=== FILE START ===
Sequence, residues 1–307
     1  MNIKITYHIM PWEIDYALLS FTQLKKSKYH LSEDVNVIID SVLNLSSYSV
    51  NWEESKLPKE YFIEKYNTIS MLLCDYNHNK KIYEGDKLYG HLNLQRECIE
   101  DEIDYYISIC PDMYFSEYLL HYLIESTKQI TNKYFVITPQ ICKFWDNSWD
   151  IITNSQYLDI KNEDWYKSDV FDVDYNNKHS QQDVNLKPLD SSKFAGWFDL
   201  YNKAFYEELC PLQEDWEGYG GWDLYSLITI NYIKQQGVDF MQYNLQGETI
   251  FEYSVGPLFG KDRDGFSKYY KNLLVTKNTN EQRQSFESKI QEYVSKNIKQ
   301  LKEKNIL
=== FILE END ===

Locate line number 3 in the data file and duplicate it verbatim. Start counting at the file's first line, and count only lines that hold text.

    51  NWEESKLPKE YFIEKYNTIS MLLCDYNHNK KIYEGDKLYG HLNLQRECIE